Sunday, January 10, 2016

MFM's Best Movies of 2015

2015 will most likely be remembered as the year when the new Star Wars came out and made more money than any other film before it. But, besides the big toy franchises, the previous year had some nice surprises as well when it comes to movies. In 2015, huge action franchises like the Mission Impossible and Jurassic Park/World showed that they can make fun, unpretentious films, while the documentary domain for feature length pieces seems stronger and more vibrant than ever. Of course, some movies just came out bad, even though all pointed that they should be at least interesting. But, out of all those movies that came out in the last 12 months, here's my pick of the best films of 2015:

The Visit - M. Night Shyamalan triumphant return to small, fun and creepy films provided a comeback story worthy of Hollywood. Let's all hope he keeps it up, at least for a while.

Going Clear: Scientology and the Prison of Belief - easily the best documentary of 2015, it took A-grade investigative journalism and placed it in the hands of filmmakers. The result is a terrifying story about an organization straight out of James Bond films that somehow became a religion.

Sicario - best classic thriller of 2015, it showed that Denis Villeneuve should and could direct any genre in the world.

Bone Tomahawk - both have Kurt Russel in it and are neo-westerns, but Hateful 8 can only dream of being as good as this excellent debut.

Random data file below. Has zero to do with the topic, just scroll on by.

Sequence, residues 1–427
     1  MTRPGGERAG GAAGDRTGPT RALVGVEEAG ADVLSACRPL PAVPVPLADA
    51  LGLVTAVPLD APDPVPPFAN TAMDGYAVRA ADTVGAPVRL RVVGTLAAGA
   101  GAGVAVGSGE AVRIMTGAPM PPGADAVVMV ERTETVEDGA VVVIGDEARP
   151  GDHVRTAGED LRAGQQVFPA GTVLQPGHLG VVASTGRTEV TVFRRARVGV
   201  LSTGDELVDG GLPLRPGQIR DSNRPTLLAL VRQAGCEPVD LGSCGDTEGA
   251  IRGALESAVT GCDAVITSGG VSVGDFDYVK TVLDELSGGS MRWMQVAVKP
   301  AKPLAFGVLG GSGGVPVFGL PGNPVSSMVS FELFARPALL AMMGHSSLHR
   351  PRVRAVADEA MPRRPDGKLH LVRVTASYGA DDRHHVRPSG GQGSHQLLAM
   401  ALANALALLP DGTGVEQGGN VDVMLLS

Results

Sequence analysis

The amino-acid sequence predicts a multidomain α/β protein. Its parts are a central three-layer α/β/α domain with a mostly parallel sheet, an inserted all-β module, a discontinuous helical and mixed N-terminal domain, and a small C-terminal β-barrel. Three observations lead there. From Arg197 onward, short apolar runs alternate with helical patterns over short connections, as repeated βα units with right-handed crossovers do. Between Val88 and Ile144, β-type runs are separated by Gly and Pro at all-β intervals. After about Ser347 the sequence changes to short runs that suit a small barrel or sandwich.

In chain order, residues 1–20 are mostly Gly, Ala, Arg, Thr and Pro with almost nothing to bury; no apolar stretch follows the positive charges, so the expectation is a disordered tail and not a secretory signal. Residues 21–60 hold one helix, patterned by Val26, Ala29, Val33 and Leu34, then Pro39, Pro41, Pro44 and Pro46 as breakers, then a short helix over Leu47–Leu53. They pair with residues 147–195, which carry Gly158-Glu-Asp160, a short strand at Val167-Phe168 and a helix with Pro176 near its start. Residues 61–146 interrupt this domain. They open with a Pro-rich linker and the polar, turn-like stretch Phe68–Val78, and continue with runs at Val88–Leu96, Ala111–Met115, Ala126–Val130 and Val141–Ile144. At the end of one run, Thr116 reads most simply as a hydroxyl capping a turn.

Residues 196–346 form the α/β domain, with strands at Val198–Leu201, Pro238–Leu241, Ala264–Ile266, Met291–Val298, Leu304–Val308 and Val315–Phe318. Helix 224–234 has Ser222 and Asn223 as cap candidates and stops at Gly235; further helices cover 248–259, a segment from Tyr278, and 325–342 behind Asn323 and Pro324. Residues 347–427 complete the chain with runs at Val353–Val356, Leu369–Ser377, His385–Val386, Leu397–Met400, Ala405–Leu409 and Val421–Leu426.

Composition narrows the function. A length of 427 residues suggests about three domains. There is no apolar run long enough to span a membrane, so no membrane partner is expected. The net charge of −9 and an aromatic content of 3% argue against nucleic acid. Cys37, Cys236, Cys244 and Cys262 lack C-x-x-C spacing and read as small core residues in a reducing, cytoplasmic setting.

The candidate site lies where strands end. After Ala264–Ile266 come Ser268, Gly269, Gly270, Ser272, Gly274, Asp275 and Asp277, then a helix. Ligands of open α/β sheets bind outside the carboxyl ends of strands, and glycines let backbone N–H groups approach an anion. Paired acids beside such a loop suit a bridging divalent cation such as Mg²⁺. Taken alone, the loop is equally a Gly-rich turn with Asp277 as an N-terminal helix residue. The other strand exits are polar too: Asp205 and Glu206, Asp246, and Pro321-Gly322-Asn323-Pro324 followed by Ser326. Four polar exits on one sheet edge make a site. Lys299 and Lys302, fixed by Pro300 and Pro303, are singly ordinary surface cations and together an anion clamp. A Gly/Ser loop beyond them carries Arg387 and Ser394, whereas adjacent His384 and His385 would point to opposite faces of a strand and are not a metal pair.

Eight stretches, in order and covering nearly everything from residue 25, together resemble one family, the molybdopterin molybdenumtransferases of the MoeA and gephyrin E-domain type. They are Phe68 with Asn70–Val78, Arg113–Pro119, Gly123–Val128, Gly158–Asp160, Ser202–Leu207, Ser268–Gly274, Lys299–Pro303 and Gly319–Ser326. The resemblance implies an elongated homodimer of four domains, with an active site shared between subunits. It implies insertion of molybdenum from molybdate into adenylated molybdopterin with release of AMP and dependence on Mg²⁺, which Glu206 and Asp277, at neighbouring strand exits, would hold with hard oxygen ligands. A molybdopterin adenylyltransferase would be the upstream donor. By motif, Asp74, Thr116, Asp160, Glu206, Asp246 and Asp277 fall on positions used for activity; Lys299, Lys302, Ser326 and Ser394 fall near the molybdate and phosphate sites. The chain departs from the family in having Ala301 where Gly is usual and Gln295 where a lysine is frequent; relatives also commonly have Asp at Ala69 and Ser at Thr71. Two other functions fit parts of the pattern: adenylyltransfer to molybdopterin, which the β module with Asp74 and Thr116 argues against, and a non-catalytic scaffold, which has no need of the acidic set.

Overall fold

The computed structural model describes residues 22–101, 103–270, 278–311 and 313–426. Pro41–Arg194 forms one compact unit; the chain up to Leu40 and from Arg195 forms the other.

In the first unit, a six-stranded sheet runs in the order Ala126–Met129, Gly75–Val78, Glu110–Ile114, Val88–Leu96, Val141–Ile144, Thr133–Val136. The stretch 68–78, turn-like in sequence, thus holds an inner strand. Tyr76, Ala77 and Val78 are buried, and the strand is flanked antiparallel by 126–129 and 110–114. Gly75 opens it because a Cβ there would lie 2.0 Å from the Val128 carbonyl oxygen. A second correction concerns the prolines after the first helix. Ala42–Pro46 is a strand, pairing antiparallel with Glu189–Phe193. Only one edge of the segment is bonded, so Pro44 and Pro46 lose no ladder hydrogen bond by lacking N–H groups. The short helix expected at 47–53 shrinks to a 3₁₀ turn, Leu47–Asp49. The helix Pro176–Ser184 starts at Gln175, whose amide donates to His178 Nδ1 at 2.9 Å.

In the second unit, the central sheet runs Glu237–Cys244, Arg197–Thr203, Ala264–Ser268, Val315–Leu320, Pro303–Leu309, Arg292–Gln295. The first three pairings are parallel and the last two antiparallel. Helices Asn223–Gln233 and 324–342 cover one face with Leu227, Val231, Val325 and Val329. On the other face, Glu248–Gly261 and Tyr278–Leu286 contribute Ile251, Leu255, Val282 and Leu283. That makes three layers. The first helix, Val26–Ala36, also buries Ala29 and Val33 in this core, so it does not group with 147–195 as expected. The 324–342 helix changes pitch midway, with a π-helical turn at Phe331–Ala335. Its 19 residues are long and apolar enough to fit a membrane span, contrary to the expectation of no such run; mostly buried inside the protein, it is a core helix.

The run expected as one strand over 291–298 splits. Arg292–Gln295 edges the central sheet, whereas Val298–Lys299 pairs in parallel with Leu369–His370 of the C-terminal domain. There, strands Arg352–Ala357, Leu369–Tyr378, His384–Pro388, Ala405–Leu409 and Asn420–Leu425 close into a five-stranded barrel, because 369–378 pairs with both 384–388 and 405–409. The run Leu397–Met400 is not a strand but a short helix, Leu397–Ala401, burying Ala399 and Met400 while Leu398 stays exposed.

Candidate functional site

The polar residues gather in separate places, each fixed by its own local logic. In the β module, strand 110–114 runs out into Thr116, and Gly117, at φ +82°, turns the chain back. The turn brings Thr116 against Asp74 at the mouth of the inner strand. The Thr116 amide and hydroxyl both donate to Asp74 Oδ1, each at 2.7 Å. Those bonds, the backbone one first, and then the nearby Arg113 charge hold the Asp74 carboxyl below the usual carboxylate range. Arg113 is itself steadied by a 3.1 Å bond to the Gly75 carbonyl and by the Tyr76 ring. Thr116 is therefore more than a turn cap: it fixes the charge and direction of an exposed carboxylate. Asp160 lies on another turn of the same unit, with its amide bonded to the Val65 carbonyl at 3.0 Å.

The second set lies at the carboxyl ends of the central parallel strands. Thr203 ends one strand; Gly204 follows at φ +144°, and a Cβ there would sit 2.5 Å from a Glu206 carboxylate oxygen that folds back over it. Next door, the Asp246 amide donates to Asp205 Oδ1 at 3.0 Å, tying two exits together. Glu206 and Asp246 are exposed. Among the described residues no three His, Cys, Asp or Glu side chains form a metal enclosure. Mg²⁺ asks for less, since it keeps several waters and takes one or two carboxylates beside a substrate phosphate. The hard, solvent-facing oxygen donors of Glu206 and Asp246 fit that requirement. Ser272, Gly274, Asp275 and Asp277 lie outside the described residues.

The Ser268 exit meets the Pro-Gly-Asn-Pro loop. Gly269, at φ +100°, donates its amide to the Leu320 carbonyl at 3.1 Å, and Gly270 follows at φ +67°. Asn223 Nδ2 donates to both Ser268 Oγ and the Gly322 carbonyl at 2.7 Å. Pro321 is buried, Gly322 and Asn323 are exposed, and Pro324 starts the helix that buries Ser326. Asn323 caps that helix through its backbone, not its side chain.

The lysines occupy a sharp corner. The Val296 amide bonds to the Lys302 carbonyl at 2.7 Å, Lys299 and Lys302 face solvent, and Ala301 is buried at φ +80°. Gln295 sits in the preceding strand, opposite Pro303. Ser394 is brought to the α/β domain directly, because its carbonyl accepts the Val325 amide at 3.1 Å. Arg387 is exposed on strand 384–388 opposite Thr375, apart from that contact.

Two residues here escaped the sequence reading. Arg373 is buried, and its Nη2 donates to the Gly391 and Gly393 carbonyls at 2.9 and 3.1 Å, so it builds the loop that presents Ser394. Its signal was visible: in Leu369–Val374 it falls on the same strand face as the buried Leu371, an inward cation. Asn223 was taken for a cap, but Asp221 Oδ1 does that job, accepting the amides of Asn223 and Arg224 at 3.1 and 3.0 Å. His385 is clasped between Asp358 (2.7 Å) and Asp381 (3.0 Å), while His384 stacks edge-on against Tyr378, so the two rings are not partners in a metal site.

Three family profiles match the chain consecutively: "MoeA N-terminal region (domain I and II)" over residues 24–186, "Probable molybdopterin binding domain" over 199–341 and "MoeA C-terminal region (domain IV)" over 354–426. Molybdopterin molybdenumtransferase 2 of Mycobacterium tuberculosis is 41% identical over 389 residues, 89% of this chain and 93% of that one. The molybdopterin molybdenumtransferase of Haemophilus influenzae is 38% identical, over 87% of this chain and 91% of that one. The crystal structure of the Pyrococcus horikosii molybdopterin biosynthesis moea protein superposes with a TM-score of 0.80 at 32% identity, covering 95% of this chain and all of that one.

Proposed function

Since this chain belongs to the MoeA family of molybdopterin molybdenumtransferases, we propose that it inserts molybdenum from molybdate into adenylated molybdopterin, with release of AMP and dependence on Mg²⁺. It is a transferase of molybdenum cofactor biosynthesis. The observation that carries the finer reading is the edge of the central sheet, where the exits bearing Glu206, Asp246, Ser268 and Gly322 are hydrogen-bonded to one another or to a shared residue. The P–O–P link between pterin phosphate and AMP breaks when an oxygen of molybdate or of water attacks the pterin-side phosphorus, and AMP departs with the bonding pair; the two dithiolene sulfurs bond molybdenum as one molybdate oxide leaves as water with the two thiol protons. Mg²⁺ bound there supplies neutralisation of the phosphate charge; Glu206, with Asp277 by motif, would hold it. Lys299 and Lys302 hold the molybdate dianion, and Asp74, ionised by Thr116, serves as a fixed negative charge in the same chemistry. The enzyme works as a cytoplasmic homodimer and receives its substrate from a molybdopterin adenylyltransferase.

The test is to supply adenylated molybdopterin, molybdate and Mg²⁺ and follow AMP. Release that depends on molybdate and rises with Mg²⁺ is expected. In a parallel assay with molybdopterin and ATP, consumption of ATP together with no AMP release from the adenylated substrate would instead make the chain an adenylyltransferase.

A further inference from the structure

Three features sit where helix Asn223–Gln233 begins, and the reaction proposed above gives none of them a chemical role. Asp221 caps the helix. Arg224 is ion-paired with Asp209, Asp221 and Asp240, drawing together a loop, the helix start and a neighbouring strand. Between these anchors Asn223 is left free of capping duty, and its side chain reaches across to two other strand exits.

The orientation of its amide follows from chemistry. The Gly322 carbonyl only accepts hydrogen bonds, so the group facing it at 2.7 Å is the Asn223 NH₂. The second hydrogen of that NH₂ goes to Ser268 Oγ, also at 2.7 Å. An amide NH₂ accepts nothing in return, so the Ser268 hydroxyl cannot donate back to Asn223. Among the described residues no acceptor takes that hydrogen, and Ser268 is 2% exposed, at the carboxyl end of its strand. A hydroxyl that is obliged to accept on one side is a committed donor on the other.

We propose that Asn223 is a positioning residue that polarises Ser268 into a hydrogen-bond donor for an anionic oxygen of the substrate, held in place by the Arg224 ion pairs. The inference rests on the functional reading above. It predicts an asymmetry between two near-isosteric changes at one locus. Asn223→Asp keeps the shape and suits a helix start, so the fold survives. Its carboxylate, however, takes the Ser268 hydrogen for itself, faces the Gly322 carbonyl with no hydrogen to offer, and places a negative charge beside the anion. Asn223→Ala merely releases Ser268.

Dope - an action comedy that moved the same adventure genre from the 1990's right into the 21st century, adding class divide and institutional racism to some weird nostalgia for an equally bad period. In an alternative world, Spike Lee is making films like Dope.

Love & Mercy - a touching tale about a man from the Beach Boys band and family who only wanted to bring beautiful music to the world, told in a mild but moving manner.

The Film of the Year

Mad Max: Fury Road - a film that provided a virtual reality experience without the VR headset. Sharp and uncompromising, George Miller managed to reinvent a Hollywood blockbuster outside of the large studio mentality and everyone loved it for all the right reason. Maybe, on some level, it is a critique of the entire film industry and us as a dim-witted audience that keeps it alive, but it's still a magnificent film.


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